Shift Action says CPPIB still waffling on climate urgency

Despite it taking positive steps to assess the financial risks of climate change, report finds CPPIB still falls behind global peers

Shift Action says CPPIB still waffling on climate urgency

While it is taking positive steps to assess the financial risks of climate change and navigate its portfolio through the energy transition, the Canadian Pension Plan Investment Board (CPPIB) still remains one of the only pension managers analyzed in the 2023 Canadian Pension Climate Report Card that has yet to set interim portfolio emission reduction targets, says Shift Action for Pension Wealth and Planet Health, a charitable initiative that works to protect pensions and the climate by bringing together beneficiaries and their pension funds to engage on the climate crisis. Shift says CPPIB waffles on its communication of climate urgency, downplaying the systemic, existential nature of the climate crisis and the outsize role that it must play as a half-trillion dollar pension manager in keeping global temperature increases within safe limits. 

CPPIB is the manager of the Canada Pension Plan (CPP). On behalf of over 21 million Canadians, CPPIB manages one of the largest investment funds in the world.  

“The deep entanglement between Canada's pension funds and vested fossil fuel interests raises critical questions about the fiduciary duty of pension directors and how they're managing potential conflicts of interests when it comes to climate related policies and investment decisions,” says Patrick DeRochie, senior manager at Shift. Speaking at Shift’s webinar, Canadian Pensions and the Climate Crisis: How does your pension stack up?, he said, “CPPIB is not shy about spouting oil industry talking points. The national pension manager continues to make regular public statements that celebrate Canada’s oil and gas industry and obfuscate the scientific imperative to rapidly phase out fossil fuels. CPPIB has repeatedly stated that it is opposed to ‘blanket fossil fuel divestment’.” 

CPPIB is taking positive steps to assess the financial risks of climate change and navigate its portfolio through the energy transition, however. In 2021, it set a net-zero by 2050 emissions target which includes scopes 1, 2 and 3 emissions. The investment manager developed a climate plan and issued several short reports on the energy transition and decarbonization. It built specialized cross-organizational climate expertise and is using increasingly sophisticated tools and processes to generate value from the net-zero transition. CPPIB has smartly used its ‘Abatement Capacity Assessment Framework’ to begin identifying profitable pathways for portfolio companies to decarbonize under CPPIB’s ‘decarbonization investment approach.’ Shift says CPPIB is making large and growing investments in green and transition assets, but remains a significant owner of fossil fuel assets, including those that are expanding oil and gas production.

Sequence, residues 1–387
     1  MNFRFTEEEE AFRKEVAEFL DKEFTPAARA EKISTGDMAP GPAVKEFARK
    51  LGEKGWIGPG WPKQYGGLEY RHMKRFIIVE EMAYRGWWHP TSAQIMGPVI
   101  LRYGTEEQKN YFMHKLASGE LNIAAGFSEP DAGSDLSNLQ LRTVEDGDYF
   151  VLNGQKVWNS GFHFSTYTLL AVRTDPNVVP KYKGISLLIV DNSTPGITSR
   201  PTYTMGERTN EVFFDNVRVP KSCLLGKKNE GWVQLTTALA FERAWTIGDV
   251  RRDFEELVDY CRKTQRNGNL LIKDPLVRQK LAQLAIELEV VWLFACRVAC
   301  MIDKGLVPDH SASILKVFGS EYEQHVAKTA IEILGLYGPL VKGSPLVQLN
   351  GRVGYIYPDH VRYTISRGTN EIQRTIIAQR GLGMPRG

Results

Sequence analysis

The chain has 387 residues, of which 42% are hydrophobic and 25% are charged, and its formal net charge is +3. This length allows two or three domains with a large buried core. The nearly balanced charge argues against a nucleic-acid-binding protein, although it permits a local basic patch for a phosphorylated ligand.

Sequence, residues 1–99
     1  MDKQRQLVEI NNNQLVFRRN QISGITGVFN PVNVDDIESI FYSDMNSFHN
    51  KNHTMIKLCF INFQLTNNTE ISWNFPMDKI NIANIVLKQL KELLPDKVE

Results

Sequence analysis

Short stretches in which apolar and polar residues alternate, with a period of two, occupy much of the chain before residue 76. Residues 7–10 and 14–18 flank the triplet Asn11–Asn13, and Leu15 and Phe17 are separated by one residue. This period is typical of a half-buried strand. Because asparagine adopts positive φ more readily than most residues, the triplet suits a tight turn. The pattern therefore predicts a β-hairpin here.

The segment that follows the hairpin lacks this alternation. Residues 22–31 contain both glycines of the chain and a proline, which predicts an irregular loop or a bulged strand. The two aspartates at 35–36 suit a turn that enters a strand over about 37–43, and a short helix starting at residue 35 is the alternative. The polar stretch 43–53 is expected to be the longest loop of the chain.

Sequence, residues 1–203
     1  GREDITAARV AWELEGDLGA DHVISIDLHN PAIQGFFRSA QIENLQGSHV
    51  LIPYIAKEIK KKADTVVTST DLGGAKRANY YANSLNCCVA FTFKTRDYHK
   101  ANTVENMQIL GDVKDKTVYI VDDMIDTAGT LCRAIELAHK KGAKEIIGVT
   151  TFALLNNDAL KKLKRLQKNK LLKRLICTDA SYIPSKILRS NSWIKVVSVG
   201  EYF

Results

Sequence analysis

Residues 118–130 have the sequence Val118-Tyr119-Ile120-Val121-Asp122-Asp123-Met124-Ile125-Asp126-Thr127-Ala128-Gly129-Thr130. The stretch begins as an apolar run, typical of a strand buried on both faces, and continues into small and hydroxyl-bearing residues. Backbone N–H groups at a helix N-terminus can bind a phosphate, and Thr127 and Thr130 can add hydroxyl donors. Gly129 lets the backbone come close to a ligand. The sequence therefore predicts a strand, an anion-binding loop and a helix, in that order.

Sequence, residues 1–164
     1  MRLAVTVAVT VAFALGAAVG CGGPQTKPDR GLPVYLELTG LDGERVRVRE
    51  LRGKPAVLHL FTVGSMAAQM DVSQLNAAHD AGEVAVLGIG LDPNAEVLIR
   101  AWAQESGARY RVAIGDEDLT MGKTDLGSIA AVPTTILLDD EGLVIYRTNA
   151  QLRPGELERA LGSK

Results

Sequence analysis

Canadians retirement security at risk 

“CPPIB is making an alarming bet on the world failing to limit global heating to safe levels, putting the Canada Pension Plan at risk from an accelerating energy transition, and Canadians’ retirement security at risk from catastrophic climate change,” DeRochie said. “The position of CPPIB and other Canadian pension funds on fossil fuels is inconsistent with what the scientific consensus says is needed to limit global heating and safe levels. The rapid phasing of oil gas and coal production and the early retirement to fossil fuel assets for investors that by definition have a long-term investment horizon and who have a legal duty to invest in the best interests of their members, including those who will retire for many decades to come. It's problematic that Canada's pension funds won't acknowledge the scientific consensus on climate change in fossil fuels. 

“There is of course an important role for pension funds to invest capital in other high carbon sectors that we need and that have a viable pathway to decarbonization – like electric utilities, manufacturing, mining, transportation, agriculture, chemicals, cement, and steel – but for fossil fuels, there is no viable pathway to decarbonization other than the phase out of production and early retirement of assets like pipelines and refineries.  

“The longer you wait to do this, the worst climate change gets, and the harder it becomes for pension funds to fulfill their mandate.” 

To show the fossil fuels assets owned by Canadian pension funds, Shift’s 2023 Canadian Pension Climate Report Card includes charts that attempt to inventory the significant fossil fuel assets all over the world that Canadian pension funds own. 

The 2023 Canadian Pension Climate Report Card assesses large Canadian pension funds on their management of climate-related risks. The report is based on publicly available information to December 31, 2023.